Largely due to this position and also his promises to stop the civil war in Donbas, he collected three quarters of all votes at the 2019 presidential elections. However, he took a U-turn rather quickly and showed that all those things that were of essence to Ukrainians were but empty words to him. He ably adapted to the playbook of Kiev’s Western sponsors, who never really wanted for Ukraine to have inter-ethnic peace and good neighborly relations with Russia. While arming his country with Western assistance and preparing for a war with Russia under the guise of the Minsk Agreements (no doubts left thanks to the revelations by former leaders of France, Germany, and the UK), he made a number of steps to drive the Russian language and everything that was Russian out of Ukraine.

In 2020-2021 i.a. discriminatory laws “On secondary education”, “On indigenous peoples of Ukraine”, and “On national patriotic education” were adopted.

In September 2021, Zelensky called on all Ukrainians who thought themselves to be Russian to leave the country. He called it “an internal choice”: want to live in Ukraine and have a future for your kids and grandkids here? Then be Ukrainian, give up on your Russian identity. Those who were not willing to do this were offered an “incentive” – bombardments and artillery shellings or physical annihilation.

I emphasize that all those measures were not a retaliation to Russia’s actions. Those were own initiatives and targeted attempts to wipe out the Russian language and culture in Ukraine. It constituted a blatant violation of the rights of Russian-speaking population.

After February 2022, fight against the Russian language in Ukraine assumed grotesque forms that sometimes evoke terrifying associations with Nazism. Ukrainian officials without any reservations spoke of their hatred to everything Russian and an intention to get rid of the Russian people and language. Ukraine’s Ombudsperson for the matters of language T.Kremin said openly, “Ukraine for Ukrainians”. According to the Secretary of the National Security and Defense Council of Ukraine O.Danilov, “the Russian language must disappear” from the territory of Ukraine. He called Russians “rats” who must be “removed” and “exterminated by all means possible”.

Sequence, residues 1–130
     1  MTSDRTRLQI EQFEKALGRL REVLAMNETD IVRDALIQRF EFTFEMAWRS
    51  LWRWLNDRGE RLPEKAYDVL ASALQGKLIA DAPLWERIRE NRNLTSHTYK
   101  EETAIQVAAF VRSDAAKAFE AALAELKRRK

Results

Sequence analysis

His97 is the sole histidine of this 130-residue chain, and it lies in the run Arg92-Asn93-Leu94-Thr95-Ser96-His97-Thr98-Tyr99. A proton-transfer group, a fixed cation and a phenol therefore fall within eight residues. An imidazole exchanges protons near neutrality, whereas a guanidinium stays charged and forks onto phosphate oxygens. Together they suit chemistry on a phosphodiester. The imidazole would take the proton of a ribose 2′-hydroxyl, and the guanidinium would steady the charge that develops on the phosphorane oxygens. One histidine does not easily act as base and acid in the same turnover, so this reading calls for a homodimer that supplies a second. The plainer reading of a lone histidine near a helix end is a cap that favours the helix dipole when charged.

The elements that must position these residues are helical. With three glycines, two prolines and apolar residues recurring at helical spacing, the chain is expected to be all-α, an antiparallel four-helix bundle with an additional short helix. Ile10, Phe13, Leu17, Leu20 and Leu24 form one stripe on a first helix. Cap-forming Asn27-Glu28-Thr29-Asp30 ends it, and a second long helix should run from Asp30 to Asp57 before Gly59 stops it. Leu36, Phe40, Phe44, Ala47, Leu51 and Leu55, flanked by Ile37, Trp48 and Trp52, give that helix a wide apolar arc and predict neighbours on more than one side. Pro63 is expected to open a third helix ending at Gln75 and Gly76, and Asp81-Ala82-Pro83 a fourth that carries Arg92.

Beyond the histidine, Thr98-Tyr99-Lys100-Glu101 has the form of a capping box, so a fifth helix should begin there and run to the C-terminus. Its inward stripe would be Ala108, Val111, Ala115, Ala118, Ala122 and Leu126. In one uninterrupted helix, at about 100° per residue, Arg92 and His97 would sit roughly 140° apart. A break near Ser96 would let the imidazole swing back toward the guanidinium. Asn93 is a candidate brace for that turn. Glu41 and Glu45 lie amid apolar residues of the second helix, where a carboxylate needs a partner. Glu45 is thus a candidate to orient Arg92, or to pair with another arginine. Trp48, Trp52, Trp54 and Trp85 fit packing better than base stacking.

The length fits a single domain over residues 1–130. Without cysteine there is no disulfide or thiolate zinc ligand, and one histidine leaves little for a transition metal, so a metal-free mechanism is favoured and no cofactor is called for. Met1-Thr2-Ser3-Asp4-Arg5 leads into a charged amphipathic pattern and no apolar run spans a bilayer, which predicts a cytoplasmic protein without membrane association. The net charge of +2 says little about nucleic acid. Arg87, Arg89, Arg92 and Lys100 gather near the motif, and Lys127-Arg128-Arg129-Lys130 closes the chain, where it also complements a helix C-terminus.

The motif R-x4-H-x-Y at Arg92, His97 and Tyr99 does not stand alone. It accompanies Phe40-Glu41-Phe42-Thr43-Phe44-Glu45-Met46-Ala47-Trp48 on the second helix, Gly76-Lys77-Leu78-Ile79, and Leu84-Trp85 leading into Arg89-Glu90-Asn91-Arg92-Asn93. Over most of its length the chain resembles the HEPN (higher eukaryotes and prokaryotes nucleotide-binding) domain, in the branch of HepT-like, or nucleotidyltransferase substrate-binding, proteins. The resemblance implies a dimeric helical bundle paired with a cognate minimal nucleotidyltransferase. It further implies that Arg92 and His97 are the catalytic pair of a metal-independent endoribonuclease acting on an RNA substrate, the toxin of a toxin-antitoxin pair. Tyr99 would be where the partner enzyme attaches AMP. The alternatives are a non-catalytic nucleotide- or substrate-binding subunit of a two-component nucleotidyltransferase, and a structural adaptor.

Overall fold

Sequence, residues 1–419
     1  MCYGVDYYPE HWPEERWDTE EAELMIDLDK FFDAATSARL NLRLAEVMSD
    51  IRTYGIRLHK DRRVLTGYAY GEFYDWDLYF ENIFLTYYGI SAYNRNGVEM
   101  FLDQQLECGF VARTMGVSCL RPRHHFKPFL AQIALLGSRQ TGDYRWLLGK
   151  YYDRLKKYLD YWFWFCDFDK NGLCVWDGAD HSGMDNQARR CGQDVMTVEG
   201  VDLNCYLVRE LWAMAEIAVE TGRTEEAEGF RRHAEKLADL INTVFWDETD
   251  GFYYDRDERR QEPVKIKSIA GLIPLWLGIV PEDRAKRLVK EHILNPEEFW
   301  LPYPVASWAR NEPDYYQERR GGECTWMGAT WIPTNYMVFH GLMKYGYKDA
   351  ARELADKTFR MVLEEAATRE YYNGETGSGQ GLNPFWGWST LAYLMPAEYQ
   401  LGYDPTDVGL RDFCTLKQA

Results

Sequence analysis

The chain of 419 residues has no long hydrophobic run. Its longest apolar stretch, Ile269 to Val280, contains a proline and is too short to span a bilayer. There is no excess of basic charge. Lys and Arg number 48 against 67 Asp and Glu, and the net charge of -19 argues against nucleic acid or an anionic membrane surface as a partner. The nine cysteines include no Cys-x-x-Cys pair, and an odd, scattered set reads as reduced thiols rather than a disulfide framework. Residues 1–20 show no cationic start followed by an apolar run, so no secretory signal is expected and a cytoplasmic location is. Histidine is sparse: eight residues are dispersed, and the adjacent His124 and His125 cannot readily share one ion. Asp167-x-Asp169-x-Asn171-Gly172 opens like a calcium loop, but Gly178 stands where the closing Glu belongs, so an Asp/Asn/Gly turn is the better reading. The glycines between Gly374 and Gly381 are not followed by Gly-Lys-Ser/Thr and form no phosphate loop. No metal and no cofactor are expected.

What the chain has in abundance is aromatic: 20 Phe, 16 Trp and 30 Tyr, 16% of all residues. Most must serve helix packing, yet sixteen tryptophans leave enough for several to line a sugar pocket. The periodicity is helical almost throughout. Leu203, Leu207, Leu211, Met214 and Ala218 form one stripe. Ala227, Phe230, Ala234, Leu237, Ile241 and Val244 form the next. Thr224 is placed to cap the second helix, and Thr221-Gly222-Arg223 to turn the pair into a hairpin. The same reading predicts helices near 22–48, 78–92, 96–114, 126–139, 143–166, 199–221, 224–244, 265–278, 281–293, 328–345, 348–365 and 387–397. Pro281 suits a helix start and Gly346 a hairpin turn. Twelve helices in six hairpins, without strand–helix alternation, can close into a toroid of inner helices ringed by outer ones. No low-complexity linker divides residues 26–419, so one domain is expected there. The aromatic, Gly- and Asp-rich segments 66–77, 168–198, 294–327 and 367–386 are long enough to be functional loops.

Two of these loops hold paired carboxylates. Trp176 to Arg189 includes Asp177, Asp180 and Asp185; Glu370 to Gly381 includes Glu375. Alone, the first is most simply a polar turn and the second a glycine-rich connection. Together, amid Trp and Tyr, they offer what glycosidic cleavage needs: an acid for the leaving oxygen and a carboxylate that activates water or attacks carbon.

Taking place in Ukraine is an all-out ban on the Russian language. Starting fall 2022, previous laws were supplemented by a complete ban on studying Russian at schools even as a foreign language. Our former Western partners give no reaction to this. They pioneer diversity and protection of national and cultural identity only at home. International mechanisms that are pro-Western or composed of Western representatives also fail to react. Refusal of Ms.Brands Kehris to brief us today is a telling example of this. Clearly, it would come unhandy to her and her colleagues to criticize Ukraine now, against the backdrop of this anti-Russian  mayhem.


There are lots of manifestations of Russophobia that is raging in Ukraine. Save what I mentioned, there is a campaign against Russian books that are being obliterated, as was the case in Nazi Germany. There is a shameful war on monuments and geographical names that have to do with Russia. Our briefers covered this extensively. In Ukraine today, one may become oppressed for speaking a Russian word or singing a Russian song, reading Russian news, typing a message in Russian on smartphone. This is a real language inquisition, which causes suffering and even deaths of innocent people.

All this happens today, in plain sight of our Western colleagues, who went just as far and started to prohibit everything Russian too. We see all these steps, which are motivated by your hatred to our country, language, religion, and culture that you take pains to conceal. There is no way how condemnation of our special military operation can explain the Russophobic outrage that has engulfed your countries.